One of the Joys of Maturity
One of the joys of getting a bit older is having the time to putter around in the garden. Below is my garden blog. This site also contains sections of recipes and features about specific, and often obscure, gardening lore.
February is the last of the "slow" winter months for us at the Senior Garden. We have some flower starts and onions that will need care, along with our renewed collection of gloxinia plants. But we'll probably only be starting brassicas (broccoli, cauliflower, etc.) and possibly some herbs this month. Crops such as tomatoes and peppers need to be started just six to eight weeks before transplanting, so they'll have to wait until next month.
If we catch a few warm days this month as we did last February, we'll make our first application of dormant oil spray to our apple trees. Getting a good coating of the organic product on the trees this month or next helps smother insects and insect eggs overwintering on the trees.
For today, I have all the ingredients laid in for a big batch of Texas Nachos that Annie and I will enjoy while watching the Super Bowl this evening.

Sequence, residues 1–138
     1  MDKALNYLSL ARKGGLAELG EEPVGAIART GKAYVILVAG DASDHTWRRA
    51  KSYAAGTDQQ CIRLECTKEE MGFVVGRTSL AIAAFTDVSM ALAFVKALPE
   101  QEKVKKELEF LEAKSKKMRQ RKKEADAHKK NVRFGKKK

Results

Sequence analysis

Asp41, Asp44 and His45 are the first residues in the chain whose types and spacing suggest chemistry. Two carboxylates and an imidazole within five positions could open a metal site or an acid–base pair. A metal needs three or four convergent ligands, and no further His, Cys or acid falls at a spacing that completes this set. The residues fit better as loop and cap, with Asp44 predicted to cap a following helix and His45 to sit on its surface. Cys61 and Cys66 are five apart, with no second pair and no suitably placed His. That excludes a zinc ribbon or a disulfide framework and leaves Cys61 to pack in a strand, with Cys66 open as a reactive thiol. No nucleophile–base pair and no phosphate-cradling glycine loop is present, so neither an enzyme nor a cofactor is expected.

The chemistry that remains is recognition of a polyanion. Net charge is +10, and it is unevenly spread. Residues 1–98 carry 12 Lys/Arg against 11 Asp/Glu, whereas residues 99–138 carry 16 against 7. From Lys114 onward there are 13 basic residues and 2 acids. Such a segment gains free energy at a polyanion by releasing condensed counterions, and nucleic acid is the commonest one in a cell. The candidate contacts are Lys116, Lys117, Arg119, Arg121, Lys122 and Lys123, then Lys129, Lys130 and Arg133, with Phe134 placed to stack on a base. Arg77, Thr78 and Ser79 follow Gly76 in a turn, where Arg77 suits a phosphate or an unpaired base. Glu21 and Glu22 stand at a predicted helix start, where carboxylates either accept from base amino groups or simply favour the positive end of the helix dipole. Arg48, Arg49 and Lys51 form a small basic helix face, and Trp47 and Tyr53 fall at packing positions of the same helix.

Wow! Has it been an eventful month for us! Lots of health issues, but also lots of planting done.
Our first petunias are already in our kitchen windowsill. We have a whole flat of geraniums about a half to three-quarters of an inch tall in three inch pots. The flat of onions I seeded a week ago with old seed on is is showing signs of life. And we once again have a good many gloxinias in bloom.
Looking back to last year's January animated GIF, I'm thankful we haven't had the snow we had last year, getting snowed in then for several days.
Not Quite a Catalog
I received a Renee's Garden 2015 Media Kit today. We'd gotten one last year, probably because I'm a member of the Garden Writers Association, but I set it aside without much consideration. Since I'm still on "limited duty" these days, I had plenty of time to research Renee's Garden a bit today and found they have a pretty good rating on Dave's Garden Watchdog.
The media kit consisted of an attractive four page flier and a couple of freebie packets of garden seed. I may have ignored last year's media kit because I may not have been impressed with the freebie seeds, but this year Renee sent some Tuscan Baby Leaf Kale seed. And I do love my kale. I've been buying bunches and bags of it over the last few weeks at the grocery. The store bought stuff isn't anywhere as good as what we grow, but it gives me my needed kale fix these days.